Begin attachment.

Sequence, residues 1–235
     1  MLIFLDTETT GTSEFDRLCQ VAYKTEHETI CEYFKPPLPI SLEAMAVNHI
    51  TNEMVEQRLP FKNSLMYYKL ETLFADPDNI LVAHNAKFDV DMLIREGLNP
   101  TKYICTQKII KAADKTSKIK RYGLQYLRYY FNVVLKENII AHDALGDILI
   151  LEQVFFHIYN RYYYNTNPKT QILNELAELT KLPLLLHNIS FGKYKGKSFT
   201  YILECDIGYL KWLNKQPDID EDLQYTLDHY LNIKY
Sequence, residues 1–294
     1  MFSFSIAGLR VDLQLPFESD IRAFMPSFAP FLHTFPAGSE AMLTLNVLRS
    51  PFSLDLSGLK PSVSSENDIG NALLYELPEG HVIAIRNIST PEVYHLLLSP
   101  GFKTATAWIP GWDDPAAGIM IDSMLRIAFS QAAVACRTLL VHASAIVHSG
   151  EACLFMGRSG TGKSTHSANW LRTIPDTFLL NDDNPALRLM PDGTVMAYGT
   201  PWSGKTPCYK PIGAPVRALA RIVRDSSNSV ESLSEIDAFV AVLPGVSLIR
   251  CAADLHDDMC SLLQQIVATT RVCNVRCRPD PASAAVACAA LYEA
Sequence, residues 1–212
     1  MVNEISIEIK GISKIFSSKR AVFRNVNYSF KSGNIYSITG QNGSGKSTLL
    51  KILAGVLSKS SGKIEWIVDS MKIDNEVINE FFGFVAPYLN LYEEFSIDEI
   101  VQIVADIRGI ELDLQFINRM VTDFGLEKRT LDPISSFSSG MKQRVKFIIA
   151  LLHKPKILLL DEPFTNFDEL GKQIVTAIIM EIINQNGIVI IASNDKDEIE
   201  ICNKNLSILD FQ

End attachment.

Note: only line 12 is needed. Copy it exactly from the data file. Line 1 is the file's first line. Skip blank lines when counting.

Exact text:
   201  PWSGKTPCYK PIGAPVRALA RIVRDSSNSV ESLSEIDAFV AVLPGVSLIR